Closing care transition gaps for the chronically ill Medicare enrollee who is also a Medicaid beneficiary will be the focus of "Managing Transitions to Care for the Dually Eligible Medicare and Medicaid Patient," a live interactive audio conference on February 14, 2007 at 1:30 p.m. Eastern time sponsored by the Healthcare Intelligence Network (HIN). For more information, please visit http://www.hin.com/cgi-local/link/news/pl.cgi?dualeligiblespr.

During the 90-minute audio conference, a team versed in the needs of this population will describe comprehensive care management strategies aimed at reducing hospital admissions and re-admissions among the dually eligible Medicare and Medicaid population. According to Melanie Matthews, HIN executive vice president and chief operating officer, establishing polypharmacy programs, in-person and/or telephonic coaching efforts, "medical homes" to coordinate patient care, and comprehensive education efforts aimed at caregivers can help bridge care transition gaps.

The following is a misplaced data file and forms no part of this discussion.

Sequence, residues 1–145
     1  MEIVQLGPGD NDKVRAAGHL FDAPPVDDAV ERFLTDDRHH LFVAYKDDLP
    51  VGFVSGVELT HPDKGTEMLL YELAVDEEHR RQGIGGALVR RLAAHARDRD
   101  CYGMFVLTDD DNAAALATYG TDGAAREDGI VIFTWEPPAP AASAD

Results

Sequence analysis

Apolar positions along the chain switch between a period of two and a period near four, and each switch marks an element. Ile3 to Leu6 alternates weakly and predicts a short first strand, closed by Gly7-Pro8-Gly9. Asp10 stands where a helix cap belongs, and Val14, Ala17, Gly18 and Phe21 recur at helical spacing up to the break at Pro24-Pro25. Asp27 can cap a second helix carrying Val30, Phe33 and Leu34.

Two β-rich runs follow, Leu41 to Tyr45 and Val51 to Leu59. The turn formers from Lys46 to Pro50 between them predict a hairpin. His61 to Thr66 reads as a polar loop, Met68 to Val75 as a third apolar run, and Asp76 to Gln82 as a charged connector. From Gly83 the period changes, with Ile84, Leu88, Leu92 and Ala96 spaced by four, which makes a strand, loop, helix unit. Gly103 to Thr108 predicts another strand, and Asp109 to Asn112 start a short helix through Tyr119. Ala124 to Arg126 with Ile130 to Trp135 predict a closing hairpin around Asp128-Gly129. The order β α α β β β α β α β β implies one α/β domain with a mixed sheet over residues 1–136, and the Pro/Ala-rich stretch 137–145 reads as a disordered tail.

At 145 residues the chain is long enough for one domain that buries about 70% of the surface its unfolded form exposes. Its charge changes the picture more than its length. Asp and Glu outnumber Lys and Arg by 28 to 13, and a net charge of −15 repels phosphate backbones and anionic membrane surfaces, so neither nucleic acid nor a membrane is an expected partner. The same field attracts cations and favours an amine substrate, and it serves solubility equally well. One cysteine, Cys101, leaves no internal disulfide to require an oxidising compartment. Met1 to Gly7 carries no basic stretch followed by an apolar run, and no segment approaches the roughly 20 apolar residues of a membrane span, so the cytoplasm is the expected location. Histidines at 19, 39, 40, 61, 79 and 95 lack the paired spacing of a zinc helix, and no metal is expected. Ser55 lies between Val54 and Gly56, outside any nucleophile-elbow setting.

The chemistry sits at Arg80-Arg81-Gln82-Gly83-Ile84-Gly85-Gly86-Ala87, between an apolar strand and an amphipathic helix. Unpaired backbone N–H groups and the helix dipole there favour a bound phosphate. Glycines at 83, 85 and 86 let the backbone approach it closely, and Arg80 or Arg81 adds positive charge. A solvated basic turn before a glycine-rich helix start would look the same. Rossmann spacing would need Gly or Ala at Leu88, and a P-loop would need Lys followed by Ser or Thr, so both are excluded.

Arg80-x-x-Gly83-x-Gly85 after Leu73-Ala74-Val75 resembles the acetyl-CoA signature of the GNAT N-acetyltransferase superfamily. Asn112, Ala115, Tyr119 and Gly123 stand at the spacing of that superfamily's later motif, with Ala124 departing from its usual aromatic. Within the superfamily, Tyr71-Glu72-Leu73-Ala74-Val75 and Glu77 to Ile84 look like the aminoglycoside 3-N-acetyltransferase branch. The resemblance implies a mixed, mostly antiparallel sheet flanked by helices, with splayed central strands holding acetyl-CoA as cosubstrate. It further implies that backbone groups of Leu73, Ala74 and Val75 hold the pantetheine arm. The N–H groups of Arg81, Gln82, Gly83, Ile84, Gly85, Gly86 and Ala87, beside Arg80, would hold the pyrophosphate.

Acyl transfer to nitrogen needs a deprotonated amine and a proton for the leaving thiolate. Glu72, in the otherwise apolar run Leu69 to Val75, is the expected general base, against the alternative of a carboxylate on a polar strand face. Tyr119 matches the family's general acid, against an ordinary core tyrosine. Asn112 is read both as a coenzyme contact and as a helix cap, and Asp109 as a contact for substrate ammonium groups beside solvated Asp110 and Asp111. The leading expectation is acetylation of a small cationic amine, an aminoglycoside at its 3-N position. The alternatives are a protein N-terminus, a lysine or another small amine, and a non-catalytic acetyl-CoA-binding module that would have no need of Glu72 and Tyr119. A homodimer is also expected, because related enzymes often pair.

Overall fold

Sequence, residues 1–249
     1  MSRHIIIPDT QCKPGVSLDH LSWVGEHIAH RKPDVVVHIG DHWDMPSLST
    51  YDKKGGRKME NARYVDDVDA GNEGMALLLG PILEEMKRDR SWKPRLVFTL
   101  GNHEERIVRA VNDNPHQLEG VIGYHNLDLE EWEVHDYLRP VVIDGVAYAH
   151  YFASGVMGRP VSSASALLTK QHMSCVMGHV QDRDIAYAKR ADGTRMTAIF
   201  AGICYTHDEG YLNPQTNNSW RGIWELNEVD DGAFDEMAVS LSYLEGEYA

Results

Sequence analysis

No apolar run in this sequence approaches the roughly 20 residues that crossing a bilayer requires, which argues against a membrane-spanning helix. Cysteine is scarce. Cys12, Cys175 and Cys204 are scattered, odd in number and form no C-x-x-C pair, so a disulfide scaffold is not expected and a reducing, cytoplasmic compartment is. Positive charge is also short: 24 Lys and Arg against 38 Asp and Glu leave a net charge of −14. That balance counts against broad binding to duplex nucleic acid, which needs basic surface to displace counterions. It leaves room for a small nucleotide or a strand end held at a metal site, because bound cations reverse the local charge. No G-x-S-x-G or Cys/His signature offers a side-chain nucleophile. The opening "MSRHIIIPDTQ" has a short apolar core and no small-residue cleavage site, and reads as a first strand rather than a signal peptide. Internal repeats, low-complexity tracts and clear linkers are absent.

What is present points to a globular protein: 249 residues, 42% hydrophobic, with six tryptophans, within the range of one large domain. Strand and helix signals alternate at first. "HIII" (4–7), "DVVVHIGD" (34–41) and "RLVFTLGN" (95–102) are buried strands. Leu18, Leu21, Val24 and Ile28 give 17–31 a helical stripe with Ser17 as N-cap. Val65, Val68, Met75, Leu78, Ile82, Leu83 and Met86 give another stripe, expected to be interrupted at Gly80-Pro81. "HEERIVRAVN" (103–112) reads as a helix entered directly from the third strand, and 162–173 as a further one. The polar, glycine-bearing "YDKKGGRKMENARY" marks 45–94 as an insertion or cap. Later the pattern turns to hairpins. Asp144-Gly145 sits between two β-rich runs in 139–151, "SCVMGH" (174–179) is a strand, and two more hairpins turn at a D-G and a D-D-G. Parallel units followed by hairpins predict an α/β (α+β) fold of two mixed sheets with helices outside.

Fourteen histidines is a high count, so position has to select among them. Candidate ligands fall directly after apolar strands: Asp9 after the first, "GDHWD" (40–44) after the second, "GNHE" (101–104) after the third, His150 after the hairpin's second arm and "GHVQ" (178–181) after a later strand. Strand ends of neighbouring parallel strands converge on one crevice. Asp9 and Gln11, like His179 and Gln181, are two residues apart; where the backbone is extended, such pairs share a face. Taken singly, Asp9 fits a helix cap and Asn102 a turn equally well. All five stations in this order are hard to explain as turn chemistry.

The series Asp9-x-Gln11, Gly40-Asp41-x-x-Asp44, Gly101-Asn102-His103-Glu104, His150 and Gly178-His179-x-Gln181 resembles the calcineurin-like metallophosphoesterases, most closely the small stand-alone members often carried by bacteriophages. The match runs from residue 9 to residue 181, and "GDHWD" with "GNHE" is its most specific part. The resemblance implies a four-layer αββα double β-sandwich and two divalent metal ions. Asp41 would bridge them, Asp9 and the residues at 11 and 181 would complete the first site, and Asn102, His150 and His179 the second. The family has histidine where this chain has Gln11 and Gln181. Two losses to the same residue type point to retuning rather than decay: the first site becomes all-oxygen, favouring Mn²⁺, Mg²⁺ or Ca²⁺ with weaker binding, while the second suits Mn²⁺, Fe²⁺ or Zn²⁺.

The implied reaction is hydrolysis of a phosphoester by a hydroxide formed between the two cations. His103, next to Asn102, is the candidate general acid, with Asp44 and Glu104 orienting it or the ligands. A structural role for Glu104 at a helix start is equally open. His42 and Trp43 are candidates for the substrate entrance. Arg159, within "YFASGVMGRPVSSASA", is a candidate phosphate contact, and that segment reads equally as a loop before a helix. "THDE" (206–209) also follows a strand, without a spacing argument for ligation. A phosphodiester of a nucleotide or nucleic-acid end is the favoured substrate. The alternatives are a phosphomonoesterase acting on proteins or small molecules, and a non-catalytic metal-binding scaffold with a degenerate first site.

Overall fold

This increasingly serious healthcare issue has attracted the attention of a number of healthcare organizations around the country. The National Transitions of Care Coalition, composed of 13 leading U.S. organizations and companies, was formed in late 2006 to address the barriers and gaps that occur when patients, especially older adults, leave one healthcare setting and move to another.

Scheduled to present during HIN's 90-minute audio conference on February 14, 2007 are Diane Flanders, director of coordinated care systems at MassHealth, which oversees the state's integrated Medicare-Medicaid managed care programs, including Senior Care Options and the Program of All-inclusive Care for the Elderly, and Sarah Keenan, clinical liaison with Medica. They will offer details on:

  •     Lowering re-admission rates by managing the post-hospital transition period;
  •     Managing the doctor-to-doctor transition;
  •     Developing effective targeting strategies that can be used to identify those patients who are at greatest risk for experiencing complicated care transitions;